The program helps unemployed women gain the necessary skills to stay or re-enter the job market, especially in the digital era. Women from various demographics, including those who are unemployed, between 18 to 63 years old, solo mothers, socially disadvantaged, disabled, and from migrant backgrounds, are supported. The women supported by the program typically take one to three years to make their professional projects related to tech or learning a new profession a reality.


― What exactly do you offer in the “three pillars”?

1. Exploring pillar

In the exploring part of our program, we use a chatbot to help women identify their preferences and interests, and suggest relevant job opportunities in the digital industry. We aim to showcase the diversity of jobs available, and not just technical roles, but also those that require communication and leadership skills. We provide job descriptions that highlight the purpose and impact of the job, and the skills needed to excel.

We also organize large events where women can learn from others who have transitioned to tech careers, and participate in workshops to gain hands-on experience in coding, 3D printing, and web development. We also work on building their leadership and communication skills, helping them to articulate their accomplishments and project ideas with confidence.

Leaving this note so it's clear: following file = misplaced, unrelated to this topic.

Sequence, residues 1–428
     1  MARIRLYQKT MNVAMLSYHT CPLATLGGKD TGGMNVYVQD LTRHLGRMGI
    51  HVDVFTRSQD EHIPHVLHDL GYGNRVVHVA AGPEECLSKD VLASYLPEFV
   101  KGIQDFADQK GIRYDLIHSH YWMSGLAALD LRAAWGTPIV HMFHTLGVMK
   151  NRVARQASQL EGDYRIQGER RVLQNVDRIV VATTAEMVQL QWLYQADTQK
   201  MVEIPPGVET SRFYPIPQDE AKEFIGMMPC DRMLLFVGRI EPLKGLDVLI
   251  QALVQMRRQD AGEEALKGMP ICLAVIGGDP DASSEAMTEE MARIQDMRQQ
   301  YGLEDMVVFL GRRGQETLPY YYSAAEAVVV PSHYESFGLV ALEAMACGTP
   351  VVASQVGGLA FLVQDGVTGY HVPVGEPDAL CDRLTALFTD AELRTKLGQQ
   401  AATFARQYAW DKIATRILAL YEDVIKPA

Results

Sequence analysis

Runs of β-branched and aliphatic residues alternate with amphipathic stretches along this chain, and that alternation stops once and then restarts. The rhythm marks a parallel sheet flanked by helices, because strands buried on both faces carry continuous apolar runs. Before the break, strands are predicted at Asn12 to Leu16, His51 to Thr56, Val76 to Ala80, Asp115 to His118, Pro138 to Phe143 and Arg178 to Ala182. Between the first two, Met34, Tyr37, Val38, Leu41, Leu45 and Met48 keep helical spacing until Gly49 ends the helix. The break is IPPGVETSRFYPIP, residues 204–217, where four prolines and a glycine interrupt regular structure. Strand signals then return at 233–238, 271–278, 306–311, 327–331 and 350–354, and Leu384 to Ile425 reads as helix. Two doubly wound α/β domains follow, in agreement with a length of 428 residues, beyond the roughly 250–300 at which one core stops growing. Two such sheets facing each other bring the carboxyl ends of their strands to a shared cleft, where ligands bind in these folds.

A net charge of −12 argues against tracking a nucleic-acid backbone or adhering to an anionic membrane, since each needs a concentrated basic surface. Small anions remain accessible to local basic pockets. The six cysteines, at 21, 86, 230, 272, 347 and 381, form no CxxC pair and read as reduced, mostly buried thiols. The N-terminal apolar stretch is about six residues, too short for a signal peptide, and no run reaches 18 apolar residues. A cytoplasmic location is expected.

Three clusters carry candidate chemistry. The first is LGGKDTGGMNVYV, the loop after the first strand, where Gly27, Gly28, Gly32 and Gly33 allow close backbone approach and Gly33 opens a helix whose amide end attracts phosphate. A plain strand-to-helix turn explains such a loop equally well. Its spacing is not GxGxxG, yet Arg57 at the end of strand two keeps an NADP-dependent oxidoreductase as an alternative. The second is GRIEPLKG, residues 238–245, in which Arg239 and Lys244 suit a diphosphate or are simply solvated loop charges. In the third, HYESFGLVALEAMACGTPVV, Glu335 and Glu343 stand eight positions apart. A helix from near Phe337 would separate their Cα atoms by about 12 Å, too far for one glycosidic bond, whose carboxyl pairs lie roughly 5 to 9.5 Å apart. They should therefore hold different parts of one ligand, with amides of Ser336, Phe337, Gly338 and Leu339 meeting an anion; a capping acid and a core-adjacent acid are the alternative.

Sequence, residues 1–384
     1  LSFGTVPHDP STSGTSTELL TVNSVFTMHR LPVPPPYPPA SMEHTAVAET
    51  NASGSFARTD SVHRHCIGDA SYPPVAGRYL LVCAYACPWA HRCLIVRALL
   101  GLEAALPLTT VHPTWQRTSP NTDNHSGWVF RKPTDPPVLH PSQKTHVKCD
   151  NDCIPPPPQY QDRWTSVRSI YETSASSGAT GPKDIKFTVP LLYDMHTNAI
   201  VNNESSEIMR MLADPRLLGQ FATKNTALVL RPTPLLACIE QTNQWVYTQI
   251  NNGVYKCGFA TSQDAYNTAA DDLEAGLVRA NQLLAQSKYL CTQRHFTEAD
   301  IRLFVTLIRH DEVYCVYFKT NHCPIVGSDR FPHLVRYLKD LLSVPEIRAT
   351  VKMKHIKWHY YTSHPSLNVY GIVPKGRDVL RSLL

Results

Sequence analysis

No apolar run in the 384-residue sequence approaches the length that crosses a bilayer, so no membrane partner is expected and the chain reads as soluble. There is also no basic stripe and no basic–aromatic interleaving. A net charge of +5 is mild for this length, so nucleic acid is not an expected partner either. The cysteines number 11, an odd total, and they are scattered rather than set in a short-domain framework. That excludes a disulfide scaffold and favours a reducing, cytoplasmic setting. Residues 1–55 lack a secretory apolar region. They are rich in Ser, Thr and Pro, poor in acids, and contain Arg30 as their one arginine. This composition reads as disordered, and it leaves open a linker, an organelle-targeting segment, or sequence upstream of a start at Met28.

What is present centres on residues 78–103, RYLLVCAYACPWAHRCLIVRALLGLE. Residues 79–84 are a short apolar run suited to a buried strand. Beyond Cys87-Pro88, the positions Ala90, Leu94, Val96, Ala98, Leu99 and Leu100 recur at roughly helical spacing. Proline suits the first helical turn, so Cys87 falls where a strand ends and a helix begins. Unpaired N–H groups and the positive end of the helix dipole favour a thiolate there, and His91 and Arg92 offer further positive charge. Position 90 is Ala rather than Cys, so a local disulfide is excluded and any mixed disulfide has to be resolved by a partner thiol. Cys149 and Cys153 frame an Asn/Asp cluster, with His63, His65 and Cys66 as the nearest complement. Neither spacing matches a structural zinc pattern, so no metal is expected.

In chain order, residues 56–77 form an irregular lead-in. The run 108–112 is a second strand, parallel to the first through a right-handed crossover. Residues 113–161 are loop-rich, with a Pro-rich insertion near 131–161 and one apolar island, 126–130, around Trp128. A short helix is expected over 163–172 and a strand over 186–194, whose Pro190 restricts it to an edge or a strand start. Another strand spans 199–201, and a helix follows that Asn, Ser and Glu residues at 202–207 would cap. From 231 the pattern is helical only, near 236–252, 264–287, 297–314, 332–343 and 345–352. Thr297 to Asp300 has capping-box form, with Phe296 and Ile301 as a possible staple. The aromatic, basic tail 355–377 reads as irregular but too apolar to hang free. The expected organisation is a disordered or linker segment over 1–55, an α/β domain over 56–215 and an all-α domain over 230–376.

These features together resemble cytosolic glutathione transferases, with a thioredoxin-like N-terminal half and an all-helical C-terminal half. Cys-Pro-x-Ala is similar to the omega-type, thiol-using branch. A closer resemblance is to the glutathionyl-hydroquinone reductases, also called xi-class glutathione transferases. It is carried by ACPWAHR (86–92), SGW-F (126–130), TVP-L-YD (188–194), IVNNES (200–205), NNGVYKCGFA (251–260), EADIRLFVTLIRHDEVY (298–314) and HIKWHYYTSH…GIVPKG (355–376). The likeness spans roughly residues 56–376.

Overall, our program aims to empower women to explore and pursue meaningful careers in the digital industry, and to provide them with the support and resources they need to succeed.

2. Learning pillar

In the learning part, programs ranging from one week to 15 months are offered to learn specific skills or to do a job. During the 15-month programs, participants work part-time in a company and part-time in the training center to learn while doing the job. Before entering the job, they have three months of insights in the digital school to learn the basics and have something to show when entering the company.

3. Connecting pillar

The connective part of the program involves workshops where partner companies are involved, who have diversity, inclusion, and equality policies. They provide job offers after the hiring process and interviews. Mentors from those companies support women during training programs so that they can better sell their skills at the end of the program. During interviews, there is ample time for the women to share their contributions and to learn more about the company's values, culture, and what they stand for. The program aims to create a human-to-human connection.

(Photo by Social Builder)

― What are the challenges and the best practices in mobilizing and engaging with all the various stakeholders for a systemic approach?